By MEREDITH KIRTON
Nothing says “Mediterranean” quite like an olive. These fruits have been used as a source of oil and flesh (once pickled) for Millennium, and these days are no less popular throughout the whole world. As a garden specimen they are also very adaptable and ornamental. The foliage is a beautiful silvery grey and very drought resistant once established and the plants themselves are also quite tolerant of cold.
Plants can grow in a number of ways, from espalier or “flat packed” against a wall, to standardized specimens or into trees, where they are normally kept pruned to about 4m tall. They need a well drained soil or pot to perform well, with adequate moisture over winter and spring when they are in blossom. Feed once a year with complete plant food. Cropping will normally take about 5 years to produce decent quantities. Olives are normally either for oil or fruit/pickling types, so be sure to choose a suitable variety that suits your need. Kalamata is probably the most popular.
Olives appear on the trees in Australia at Christmas time and are large enough to pick by about February for green olives and March/April for black olives. Of course, olives straight from the tree are totally inedible. At some point thousands of years back people realised however that soaking them in the sea for a few weeks washed out the bitterness and rendered them delicious.
Commercially olives are treated with caustic soda, and other numbered ingredients! If you’d rather replicate the Ancient Greeks and Romans and have salt brined olives, it’s easy, but does take some weeks.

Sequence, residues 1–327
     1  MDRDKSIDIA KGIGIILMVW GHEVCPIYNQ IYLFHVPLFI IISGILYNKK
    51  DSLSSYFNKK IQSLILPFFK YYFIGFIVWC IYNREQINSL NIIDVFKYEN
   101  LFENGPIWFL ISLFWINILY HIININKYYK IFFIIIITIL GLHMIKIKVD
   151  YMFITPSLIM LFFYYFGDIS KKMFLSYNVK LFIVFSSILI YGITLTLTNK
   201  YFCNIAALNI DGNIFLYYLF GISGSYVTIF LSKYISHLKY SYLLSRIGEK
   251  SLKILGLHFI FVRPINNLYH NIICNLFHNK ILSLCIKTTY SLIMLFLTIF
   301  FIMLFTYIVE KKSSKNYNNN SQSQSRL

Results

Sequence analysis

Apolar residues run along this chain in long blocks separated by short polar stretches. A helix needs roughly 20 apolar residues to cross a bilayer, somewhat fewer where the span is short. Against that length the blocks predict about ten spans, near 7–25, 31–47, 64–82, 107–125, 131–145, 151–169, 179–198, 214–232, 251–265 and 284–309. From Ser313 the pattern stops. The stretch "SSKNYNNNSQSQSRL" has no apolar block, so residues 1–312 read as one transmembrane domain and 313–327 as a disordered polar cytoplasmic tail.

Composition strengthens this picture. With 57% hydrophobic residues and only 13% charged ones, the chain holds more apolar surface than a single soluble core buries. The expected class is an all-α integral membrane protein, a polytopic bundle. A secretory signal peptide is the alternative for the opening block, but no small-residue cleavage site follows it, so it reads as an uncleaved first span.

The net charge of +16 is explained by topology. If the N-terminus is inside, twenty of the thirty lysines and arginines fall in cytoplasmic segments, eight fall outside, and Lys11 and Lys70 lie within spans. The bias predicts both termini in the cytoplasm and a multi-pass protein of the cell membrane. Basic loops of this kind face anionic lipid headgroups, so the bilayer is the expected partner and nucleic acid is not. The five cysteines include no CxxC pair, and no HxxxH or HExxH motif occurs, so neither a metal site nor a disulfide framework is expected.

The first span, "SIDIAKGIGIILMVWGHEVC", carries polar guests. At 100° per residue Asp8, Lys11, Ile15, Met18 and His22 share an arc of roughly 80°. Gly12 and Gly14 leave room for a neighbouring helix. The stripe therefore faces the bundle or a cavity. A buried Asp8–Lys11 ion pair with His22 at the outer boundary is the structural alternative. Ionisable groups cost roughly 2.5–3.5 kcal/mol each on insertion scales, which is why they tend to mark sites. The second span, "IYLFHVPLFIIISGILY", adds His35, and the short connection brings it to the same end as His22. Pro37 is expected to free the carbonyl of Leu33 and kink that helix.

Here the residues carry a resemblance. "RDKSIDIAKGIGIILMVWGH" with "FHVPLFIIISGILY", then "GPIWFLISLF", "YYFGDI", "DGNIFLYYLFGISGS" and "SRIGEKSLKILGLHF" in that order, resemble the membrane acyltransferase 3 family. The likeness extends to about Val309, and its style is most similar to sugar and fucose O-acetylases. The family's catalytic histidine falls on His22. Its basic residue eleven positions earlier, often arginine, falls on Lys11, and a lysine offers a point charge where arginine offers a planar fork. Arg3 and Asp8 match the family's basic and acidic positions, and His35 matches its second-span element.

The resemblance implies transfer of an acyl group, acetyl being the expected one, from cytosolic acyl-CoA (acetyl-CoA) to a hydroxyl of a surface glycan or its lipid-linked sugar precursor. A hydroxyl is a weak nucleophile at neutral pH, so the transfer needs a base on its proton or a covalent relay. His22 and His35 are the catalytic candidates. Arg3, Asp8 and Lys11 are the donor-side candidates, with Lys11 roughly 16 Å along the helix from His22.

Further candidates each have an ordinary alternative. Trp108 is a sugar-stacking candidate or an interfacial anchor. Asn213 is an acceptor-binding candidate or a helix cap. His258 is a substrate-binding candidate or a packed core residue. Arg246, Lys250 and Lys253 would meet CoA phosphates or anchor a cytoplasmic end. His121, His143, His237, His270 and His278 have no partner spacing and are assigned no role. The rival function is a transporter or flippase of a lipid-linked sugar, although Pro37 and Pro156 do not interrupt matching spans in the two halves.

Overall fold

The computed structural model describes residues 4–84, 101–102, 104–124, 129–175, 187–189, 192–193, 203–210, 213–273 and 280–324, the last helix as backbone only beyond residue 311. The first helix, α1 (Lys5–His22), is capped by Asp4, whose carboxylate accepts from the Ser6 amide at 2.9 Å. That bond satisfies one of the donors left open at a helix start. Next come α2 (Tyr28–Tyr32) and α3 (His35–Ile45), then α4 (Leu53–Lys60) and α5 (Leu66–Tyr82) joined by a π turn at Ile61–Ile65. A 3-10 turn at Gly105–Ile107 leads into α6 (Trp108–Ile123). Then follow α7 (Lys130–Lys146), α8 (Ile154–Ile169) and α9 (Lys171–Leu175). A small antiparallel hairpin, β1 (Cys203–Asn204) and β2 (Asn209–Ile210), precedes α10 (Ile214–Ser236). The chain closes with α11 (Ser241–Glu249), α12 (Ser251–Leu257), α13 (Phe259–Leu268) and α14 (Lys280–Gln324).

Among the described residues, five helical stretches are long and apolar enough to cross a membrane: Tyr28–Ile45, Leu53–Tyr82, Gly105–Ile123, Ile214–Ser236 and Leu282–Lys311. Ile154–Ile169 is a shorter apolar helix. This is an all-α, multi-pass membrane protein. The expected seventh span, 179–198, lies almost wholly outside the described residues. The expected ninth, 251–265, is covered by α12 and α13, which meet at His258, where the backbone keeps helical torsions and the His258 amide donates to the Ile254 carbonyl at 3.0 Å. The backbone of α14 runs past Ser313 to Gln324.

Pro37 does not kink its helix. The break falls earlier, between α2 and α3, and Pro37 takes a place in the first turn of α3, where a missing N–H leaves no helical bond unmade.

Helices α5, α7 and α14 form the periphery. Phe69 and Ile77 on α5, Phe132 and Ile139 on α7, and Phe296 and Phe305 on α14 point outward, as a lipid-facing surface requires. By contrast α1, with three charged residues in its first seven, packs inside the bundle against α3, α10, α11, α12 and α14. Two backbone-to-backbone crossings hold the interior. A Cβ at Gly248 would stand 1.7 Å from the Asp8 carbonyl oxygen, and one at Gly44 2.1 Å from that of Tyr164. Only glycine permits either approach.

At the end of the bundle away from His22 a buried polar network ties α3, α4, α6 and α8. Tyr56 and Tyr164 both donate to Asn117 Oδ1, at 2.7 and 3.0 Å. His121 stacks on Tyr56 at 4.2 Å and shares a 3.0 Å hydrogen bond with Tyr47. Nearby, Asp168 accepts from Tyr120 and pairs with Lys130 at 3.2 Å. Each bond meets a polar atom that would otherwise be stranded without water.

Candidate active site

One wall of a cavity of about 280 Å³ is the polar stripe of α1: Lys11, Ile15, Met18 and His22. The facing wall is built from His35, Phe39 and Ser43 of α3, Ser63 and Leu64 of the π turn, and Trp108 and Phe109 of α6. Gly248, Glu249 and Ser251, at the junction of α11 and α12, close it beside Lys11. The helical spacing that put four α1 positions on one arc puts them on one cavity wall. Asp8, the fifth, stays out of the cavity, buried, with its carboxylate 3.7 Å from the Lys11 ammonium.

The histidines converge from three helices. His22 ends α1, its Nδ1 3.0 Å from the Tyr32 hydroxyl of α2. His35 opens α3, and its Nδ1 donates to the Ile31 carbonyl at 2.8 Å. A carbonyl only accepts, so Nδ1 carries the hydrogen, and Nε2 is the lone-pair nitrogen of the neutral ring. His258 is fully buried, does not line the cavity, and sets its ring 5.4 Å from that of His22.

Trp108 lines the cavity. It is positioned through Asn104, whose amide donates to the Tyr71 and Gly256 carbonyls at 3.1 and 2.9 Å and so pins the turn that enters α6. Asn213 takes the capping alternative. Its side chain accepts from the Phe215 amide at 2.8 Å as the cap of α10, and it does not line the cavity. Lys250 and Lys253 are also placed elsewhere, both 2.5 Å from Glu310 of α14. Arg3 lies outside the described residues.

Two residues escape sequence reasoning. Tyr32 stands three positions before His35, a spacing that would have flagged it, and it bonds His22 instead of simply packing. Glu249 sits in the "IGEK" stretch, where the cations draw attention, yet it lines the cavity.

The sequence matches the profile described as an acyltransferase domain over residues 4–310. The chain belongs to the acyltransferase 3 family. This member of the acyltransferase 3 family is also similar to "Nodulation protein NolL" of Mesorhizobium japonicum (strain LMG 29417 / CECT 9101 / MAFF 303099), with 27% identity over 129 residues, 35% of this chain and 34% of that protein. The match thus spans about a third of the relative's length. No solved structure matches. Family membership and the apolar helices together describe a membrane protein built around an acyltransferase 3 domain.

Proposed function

To Pickle, soak olives in water for 10 days, changing water daily. Make a brine solution of 1 cup salt to 4 litres of water. Soak olives in brine for about 4 weeks, changing the brine solution every week. The time it takes varies greatly depending upon the olive variety. Weight the fruit under the water with a clean plate and you can speed the process up by cutting the skin, this will allow the brine soak into the olive more.
Some people prefer to make “sultana olives” which just uses straight rock salt instead of brine to draw out the bitter juices. They layer olives and rock salt alternatively in a plastic container, punch holes in the lid and the base and turn the container daily allowing the juices to escape. After about 10 days the olives should not be bitter and should look wrinkled.
With either method, when you are happy with the taste, store them in sterilised jars with fresh brine and a little olive oil to help keep them fresh. You can add herbs etc 24 hours before use by pouring off the brine, adding oil and herbs and then enjoying these flavours imbued the next day.
Photography by SUE STUBBS | Blog designed by RED PEPPER GRAPHICS